One of the forum topics that generated a lot of interest was the relationship between science and religion. The science department at Monash Uni had a number of Christians and the forums where they spoke about how they reconciled their Christian faith and their work as a scientist were always well really attended. In the forums about science and religion one name seemed to regularly come up – John Polkinghorne. Polkinghorne was one of the foremost scientists in the world in the field of quantum mechanics and was also a committed Christian. So committed that he had forgone his scientific studies and his position at Cambridge University for a season, taken up studying theology and then was ordained an Anglican priest.
My scientific knowledge was pretty limited, but discussions at the forums prompted me to read Polkinghorne’s most recent book at the time ‘Science and Christian Belief: Theological reflections of a bottom-up thinker.’ In the book Polkinghorne reflects on the Nicene Creed and I quickly began to appreciate his impressive ability to bring science and theology together explaining it all in a way that a lay person could easily understand.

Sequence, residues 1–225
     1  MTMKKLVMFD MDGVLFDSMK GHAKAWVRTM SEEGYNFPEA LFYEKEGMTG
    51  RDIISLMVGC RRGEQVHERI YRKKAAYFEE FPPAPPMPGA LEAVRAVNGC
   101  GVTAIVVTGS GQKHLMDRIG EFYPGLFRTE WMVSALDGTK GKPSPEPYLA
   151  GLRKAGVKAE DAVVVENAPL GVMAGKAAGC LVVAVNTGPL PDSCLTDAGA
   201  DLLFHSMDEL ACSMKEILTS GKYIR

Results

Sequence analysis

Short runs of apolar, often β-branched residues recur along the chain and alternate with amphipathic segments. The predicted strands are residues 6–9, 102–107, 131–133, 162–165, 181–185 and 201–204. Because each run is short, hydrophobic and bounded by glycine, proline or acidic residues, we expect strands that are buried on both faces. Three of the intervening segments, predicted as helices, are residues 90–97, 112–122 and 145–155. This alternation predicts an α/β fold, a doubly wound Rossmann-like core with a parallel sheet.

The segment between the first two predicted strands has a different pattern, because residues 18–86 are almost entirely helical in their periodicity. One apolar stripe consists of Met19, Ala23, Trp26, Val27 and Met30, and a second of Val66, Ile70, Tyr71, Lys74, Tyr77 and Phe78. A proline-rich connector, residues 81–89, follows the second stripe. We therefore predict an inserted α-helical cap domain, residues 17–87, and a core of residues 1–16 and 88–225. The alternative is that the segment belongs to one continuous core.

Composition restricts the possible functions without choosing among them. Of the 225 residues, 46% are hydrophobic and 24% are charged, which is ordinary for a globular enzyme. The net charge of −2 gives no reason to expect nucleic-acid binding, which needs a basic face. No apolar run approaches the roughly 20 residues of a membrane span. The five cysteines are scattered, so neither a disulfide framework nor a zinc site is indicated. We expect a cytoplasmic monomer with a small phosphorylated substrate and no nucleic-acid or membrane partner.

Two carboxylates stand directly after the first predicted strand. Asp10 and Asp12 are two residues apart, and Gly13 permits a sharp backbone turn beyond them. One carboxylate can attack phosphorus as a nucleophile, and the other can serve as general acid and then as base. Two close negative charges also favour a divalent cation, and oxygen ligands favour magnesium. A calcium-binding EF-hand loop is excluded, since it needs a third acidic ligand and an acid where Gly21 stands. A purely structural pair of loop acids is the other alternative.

The Anglican Chaplain at Monash Uni, Barry Rogers, was a keen supporter of the forums and one day when we were chatting he asked me who would be my dream speaker at a forum. I had no hesitation in saying John Polkinghorne. We both agreed that it would be wonderful get him to speak at uni, but it seemed like an impossible dream given John lived in England, and being Anglicans we lacked the kind of money required to fly him over to Australia.